Every object exerts the same total  force 100 light-years away as it does next door (!):
Although gravity weakens as distance squared, this really just reflects a fixed amount of force spreading out over an increasing spherical surface area.  It can be represented by a fixed number of lines of force spreading out like spokes of a wheel.  This essentially lossless spread could even be called the Conservation of Gravity.

Even more remarkably, gravity seems able to draw upon infinite amounts of energy to apply itself.  One object exerts the same force upon one other object, or an infinite number of them, as necessary.  Gravity doesn’t run down like a clock, or drain like a battery.  The force doesn’t become defocused, diluted, or randomized as it stretches across space.  These basic discoveries are mystifying.  Nor is there any obvious mechanism or medium for the actual transmission of the force. This led Newton to view gravity as a spooky, instantaneous action at a distance, and led Einstein to interpret it as a geometric property of space-time itself.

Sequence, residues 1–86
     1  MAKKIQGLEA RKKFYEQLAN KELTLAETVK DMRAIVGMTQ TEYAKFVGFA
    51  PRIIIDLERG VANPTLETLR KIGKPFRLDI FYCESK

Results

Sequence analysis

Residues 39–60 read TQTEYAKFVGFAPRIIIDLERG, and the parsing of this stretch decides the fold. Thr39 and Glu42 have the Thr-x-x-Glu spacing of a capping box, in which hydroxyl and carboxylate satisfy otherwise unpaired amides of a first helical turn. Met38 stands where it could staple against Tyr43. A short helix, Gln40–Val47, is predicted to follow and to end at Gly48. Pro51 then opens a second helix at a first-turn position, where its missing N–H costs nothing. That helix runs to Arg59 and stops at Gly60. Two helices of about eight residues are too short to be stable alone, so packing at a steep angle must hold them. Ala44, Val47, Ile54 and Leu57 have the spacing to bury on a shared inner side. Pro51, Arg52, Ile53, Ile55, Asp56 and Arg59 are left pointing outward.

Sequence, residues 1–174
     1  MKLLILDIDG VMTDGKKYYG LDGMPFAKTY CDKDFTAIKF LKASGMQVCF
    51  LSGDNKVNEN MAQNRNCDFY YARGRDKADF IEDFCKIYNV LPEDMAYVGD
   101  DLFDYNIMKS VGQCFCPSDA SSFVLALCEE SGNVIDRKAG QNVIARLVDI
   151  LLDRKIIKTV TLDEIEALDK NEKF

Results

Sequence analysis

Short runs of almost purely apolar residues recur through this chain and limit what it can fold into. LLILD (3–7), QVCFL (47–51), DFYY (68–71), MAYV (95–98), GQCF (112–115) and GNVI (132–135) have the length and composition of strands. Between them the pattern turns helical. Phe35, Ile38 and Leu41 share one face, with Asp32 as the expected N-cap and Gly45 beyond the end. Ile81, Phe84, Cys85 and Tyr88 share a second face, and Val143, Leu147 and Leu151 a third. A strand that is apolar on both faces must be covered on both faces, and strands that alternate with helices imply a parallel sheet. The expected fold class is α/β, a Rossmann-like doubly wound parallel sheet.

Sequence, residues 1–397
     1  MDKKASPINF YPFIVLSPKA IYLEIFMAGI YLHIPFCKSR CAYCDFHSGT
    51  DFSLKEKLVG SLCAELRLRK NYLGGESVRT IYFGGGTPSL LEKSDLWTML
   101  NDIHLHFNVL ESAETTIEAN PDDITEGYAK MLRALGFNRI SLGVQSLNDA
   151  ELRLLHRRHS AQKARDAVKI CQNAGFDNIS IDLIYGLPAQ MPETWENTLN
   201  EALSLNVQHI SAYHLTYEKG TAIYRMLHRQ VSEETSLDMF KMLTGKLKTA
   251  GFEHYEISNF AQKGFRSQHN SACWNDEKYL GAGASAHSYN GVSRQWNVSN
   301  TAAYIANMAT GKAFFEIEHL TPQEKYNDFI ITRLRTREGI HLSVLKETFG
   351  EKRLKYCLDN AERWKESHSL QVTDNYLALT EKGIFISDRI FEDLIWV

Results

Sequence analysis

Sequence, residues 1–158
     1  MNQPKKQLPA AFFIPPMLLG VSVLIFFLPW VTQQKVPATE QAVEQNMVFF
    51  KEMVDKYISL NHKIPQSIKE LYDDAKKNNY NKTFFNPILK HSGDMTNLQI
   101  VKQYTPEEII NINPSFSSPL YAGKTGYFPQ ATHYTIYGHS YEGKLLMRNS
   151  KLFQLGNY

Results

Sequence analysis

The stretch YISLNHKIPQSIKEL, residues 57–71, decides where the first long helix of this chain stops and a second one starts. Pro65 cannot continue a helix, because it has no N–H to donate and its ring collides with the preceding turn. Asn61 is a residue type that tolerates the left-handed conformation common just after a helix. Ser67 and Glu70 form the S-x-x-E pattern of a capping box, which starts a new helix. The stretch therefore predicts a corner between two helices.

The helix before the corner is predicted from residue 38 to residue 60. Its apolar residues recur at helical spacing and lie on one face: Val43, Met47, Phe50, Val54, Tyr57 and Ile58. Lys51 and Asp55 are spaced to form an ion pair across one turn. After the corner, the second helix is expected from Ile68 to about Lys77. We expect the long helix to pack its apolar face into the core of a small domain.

2.  Gravity  made Practical

Although mysterious in terms of ordinary notions of cause and effect, at least gravitational forces are easy to handle in principle.  We don’t need to worry about extra interactions or side-effects.  For any given pair of particles, Newton’s basic formula could be used to calculate the force.  With more particles we just add all the gravitational forces together like we do other forces as vectors to get the total net force on any one particle or object.
Easy in principle however becomes impractical with billions of particles per handful of matter.  Useful formulas must apply to large groups of particles at a time.  Newton addressed this problem with two claims: